Information Technology

Most Recent Inventions

Physics ‘Office Hours’ educational learning platform

A physics education researcher at the University of Wisconsin-Green Bay has designed a novel and interactive app-based study aid platform for students in STEM disciplines. The platform’s interface is built around education research into how students conceptualize problems they do not understand. It is a novel tool to help students see why they are struggling with a particular problem, and what might help them solve it, rather than solving the problem for them. The team’s first working prototype, the Physics Office Hours app, has been designed for use in introductory-level college physics. The app is designed to mimic a scenario students might face during ‘office hours’ with a professor: Rather than offering an answer, the instructor guides the students through problems via a series of questions. A user-friendly online interface allows app content to be easily updated and changed over time and as more problem sets become available. In addition, the app architecture can easily be adapted to problem sets in other STEM disciplines and therefore serves as a platform technology.

Virtual Touch Screens: New Input for Smaller Devices

UW–Madison researchers have developed a new virtual touch screen technology utilizing unused space to the side of a device display. The technology is a low-cost passive finger localization system based on visible light sensing. It provides a simple and convenient interface that does not require additional external equipment such as a sensor attached to the finger.

A sensor system on the edge of a mobile device uses photodetectors and a light source to track finger motion based on reflected light signals within the narrow light-sensing plane of the virtual touch screen. The signals are converted to orthogonal coordinates and subsequently output to the graphics display screen.

Optimized Nanoresonator Design Signals Breakthroughs in Spectrometry and Device Efficiency

UW–Madison researchers have developed a new method and structure for increasing the cross section of nanoresonators, thereby improving the concentration ratio of light (or other electromagnetic radiation) and device performance. The key to their approach is that the nanoresonator is surrounded by a material that provides increased light concentration.

New Software Algorithm Advances Measurement Technology in Agribusiness

UW–Madison researchers have developed a new scanning algorithm for use in assessing yield and quality of crop production.

To determine characteristics such as kernel loading on an ear of corn and ear size, researchers scan up to three ears at a time using a common flatbed scanner. To measure 100 kernel weight, another common yield measurement, researchers weigh a handful of individual kernels and scatter them on the scanner. The resulting images are then analyzed using the algorithm to quickly provide yield data.

The algorithm uses a thresholding technique to separate the ears from the background and a Fourier transform to more accurately estimate kernel length. It also corrects for individual kernels clustering together.

Architecture for Speculative Parallel Execution Improves Performance, Simplifies Programming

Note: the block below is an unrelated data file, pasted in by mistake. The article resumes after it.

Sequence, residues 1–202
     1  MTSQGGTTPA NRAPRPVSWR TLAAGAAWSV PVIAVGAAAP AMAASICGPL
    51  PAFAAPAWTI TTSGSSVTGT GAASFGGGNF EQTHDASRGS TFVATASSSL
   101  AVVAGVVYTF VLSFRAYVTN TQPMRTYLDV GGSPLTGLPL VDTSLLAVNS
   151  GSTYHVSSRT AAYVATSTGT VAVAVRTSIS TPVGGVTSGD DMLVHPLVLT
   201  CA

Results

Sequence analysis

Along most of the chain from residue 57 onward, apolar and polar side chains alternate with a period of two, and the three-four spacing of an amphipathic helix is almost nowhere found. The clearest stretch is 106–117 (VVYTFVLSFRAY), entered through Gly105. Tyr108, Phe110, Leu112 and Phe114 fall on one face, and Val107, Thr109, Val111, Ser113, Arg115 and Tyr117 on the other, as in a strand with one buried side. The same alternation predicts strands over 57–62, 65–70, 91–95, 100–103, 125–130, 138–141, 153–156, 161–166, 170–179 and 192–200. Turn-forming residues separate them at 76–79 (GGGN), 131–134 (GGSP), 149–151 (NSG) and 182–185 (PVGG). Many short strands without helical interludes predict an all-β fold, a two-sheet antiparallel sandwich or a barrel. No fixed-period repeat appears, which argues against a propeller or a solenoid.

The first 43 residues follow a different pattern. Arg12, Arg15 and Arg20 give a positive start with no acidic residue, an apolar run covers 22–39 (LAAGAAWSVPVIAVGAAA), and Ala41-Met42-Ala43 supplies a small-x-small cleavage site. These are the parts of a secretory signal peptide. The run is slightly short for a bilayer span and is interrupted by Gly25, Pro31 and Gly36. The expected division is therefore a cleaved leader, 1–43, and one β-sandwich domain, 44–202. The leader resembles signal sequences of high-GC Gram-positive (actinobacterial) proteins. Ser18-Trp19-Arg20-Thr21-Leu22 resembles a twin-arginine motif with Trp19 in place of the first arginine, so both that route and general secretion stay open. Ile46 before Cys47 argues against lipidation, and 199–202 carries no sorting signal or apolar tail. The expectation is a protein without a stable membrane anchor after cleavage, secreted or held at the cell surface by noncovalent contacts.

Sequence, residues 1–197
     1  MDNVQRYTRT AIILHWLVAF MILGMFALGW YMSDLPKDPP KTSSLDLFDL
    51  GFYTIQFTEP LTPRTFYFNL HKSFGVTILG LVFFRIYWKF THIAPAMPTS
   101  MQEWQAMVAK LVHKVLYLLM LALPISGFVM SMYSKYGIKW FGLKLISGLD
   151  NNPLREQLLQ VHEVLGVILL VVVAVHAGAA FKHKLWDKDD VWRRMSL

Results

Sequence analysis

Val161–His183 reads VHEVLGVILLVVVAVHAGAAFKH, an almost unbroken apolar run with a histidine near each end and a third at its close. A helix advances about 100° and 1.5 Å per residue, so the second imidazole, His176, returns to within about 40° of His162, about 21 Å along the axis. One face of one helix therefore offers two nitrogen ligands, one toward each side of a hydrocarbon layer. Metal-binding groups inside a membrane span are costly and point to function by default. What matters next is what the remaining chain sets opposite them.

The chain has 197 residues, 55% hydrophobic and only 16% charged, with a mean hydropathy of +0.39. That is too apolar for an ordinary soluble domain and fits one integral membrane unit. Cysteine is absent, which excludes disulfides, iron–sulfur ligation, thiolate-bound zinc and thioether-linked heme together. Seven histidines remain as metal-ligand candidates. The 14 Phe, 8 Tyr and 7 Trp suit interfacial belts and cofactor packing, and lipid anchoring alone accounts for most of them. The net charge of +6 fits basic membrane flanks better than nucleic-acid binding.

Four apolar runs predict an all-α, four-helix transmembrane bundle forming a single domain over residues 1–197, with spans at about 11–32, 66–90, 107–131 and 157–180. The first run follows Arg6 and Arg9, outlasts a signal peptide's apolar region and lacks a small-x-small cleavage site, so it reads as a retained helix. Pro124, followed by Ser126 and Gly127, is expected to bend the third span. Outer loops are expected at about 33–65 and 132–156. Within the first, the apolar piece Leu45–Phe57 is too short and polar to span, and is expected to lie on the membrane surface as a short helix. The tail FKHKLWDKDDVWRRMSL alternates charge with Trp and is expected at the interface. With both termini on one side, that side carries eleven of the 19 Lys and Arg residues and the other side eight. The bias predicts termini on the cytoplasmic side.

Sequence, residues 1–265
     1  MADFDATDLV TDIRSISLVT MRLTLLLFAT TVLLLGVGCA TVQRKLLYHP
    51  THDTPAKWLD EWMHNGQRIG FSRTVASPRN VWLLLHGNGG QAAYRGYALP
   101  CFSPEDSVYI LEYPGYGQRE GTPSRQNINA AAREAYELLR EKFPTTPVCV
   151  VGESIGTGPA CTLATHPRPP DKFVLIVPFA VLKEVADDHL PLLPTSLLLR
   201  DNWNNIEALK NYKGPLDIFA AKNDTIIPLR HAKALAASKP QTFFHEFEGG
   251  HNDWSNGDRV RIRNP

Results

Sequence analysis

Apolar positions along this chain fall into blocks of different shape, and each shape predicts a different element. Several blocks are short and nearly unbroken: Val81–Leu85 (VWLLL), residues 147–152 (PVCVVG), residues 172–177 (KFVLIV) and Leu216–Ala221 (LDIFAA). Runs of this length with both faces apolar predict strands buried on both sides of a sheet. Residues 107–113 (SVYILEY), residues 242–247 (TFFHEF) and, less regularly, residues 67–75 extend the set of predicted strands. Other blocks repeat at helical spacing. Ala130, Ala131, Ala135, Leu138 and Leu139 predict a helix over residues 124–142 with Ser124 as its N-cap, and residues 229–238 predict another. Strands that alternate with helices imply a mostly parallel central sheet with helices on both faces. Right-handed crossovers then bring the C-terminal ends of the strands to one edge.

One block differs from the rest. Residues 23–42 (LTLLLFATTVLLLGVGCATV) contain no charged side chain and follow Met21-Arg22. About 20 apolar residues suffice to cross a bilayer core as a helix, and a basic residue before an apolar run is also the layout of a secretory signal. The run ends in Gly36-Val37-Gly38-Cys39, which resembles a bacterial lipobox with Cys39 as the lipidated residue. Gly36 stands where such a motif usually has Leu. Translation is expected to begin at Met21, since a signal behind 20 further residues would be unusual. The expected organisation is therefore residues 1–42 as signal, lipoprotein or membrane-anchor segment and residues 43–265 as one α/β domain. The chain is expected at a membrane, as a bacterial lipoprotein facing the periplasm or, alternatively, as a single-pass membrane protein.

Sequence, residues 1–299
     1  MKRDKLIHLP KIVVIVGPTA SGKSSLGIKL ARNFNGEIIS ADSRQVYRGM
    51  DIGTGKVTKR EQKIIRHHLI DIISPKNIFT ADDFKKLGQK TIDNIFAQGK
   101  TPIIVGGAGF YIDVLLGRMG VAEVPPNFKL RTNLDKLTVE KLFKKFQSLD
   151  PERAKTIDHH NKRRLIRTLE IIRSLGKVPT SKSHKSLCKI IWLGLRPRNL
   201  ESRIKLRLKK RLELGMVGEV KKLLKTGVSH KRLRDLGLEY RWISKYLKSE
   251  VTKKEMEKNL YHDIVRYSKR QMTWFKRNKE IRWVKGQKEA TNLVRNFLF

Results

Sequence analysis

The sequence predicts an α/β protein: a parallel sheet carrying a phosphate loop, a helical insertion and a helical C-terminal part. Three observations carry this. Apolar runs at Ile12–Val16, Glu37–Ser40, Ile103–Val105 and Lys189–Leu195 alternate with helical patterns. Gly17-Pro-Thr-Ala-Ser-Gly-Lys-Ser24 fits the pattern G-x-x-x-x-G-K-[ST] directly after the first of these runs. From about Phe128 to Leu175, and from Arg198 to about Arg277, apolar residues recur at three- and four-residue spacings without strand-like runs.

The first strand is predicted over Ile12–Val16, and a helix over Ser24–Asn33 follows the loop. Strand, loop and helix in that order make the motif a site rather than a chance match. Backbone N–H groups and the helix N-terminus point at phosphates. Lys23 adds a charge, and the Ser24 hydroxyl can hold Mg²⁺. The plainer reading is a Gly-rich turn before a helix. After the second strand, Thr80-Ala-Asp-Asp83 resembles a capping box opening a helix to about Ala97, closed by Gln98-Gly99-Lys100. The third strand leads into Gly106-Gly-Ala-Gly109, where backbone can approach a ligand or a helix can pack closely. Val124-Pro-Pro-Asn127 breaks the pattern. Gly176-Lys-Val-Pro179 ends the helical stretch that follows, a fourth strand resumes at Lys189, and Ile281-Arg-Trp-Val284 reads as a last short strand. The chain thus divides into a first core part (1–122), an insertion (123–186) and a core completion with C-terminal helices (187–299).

UW–Madison researchers have developed a system that permits speculative execution of program tasks prior to determining data dependency. Before commitment of the tasks in a sequential execution order, data dependencies are resolved through a token system that tracks read and write access to data elements accessed by the program portions.

Eliminating the need to wait until late in the program execution to detect or resolve dependencies helps improve processor utilization. Advancing the execution of tasks that ultimately do not experience data dependency problems may have a ripple-through effect, reducing later data dependencies as well.

Most Recent Patents

Database Engine for Faster Analytics

UW–Madison researchers have developed “Widetable,” a query processing method that provides a faster and more efficient means for scanning data across multiple tables.

The method accelerates queries by denormalizing multiple tables of a relational database into a smaller number of “wide row” tables using an outer join function. Such denormalization substantially increases the amount of data that must be stored to represent the database. While this might be expected to slow scan rates, speed is gained by eliminating other time-consuming operations.

Improved Gate Design for Quantum Computers

UW–Madison researchers have developed quantum dots with a novel tunnel barrier gate design. The structure consists of a quantum well layer with three 2DEG regions separated by three tunnel barriers.

An electrode is patterned on a dielectric layer (instead of directly on the dot surface) above the first tunnel barrier. The various electrodes formed on the dielectric layer are arranged to define quantum dot regions within which the energy level and spin of electrons can be manipulated.

The multiple layers of the structure can be made using conventional deposition systems or lithography techniques.

New MIMO Transceiver Cuts Costs, Complexity

UW–Madison researchers have designed a MIMO transceiver for improved interference suppression. The new design eliminates the need for a phase-coherent local oscillator.

More specifically, the new architecture – called differential MIMO or D-MIMO – enables linear interference suppression between multiple spatially multiplexed and differentially encoded data streams. In particular, it is based on a novel approach to quasi-coherent channel measurement from differential measurements that do not require phase coherence between transmitter and receiver. A number of system architectures – with different tradeoffs – are enabled by the invention.